Uganda
2 min read

Uganda’s speaker of the house has threatened a walk-out during the Inter-Parliamentary Union (IPU) Assembly, over attempts to protect the human rights of LGBTI people.

Rebecca Kadaga, who has made a name for herself as Uganda’s notoriously homophobic Speaker of Parliament, has attacked efforts by some nations to pass an amendment to include LGBTI people in a declaration on migrants and refugees.

Kadaga, a vocal supporter of her country’s anti-homosexuality law, accused European nations of trying to sneak in the amendment at the last minute, during the 138th Inter-Parliamentary Union (IPU) Assembly this week.

“We told you that if you insist, we are withdrawing,” she lashed out, wagging her finger.

“So if you are insisting on smuggling this issue, the Uganda delegation… shall withdraw from the IPU.”

“In St Petersburg (where the previous assembly was held last year) this subject came up and we said we do not want a divisive issue to come to the plenary. We told you that this issue that you want to bring has broken the Anglican Church,” Kadaga added, referring to the splintering of the global Anglican Church, in part driven by Ugandan clergy, over the increasing acceptance of homosexuality and same-sex relationships.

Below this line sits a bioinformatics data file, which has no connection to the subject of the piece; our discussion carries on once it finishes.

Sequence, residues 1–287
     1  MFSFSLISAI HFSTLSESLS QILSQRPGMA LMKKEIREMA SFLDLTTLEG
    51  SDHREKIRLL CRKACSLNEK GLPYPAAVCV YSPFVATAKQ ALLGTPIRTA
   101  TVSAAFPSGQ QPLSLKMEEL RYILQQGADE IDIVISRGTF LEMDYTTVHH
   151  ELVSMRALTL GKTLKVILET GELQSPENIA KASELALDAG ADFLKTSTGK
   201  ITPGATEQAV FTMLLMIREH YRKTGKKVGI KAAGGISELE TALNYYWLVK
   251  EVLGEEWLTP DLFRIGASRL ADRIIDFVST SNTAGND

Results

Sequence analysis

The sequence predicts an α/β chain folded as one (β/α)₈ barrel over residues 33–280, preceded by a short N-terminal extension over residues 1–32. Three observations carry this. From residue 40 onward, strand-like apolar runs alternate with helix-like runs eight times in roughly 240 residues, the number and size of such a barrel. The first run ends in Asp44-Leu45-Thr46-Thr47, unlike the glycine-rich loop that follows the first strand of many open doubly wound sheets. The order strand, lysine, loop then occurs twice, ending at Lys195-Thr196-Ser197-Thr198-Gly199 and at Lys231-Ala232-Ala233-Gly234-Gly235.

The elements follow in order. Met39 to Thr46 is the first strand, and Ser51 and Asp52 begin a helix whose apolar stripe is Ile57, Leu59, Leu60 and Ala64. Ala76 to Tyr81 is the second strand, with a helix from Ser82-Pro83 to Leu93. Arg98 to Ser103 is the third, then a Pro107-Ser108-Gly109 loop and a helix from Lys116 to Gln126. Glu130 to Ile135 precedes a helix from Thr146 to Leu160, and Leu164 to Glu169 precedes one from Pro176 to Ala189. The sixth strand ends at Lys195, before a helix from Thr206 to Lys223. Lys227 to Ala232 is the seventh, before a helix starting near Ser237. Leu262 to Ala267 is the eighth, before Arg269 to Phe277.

Made up of national parliaments from around the world, the IPU is an organisation that aims to “protect and build global democracy through political dialogue and concrete action.”

Uganda LGBTI

Edwin Sesange, of the African Equality Foundation, has since accused Kadaga of being a hypocrite by not accepting “that the west introduced homophobia not homosexuality to Africa and Asia.”

Speaking with Mambaonline, Sesange says, “Hon Kadaga and others should use their influence to promote the African values of togetherness (Ubuntu), tolerance, respect for others and non-discrimination instead of defending colonial sodomy laws which preach the contrary to those African values.”

Kadaga was arguably one of the most vocal and passionate supporters of  Uganda’s Anti Homosexuality Act and described the passage of the oppressive law as a “Christmas present” to Ugandans.

In 2014, Kadaga made outlandish claims that computers and books that had been donated to schools in Uganda were installed with software and literature to “recruit” homosexuals.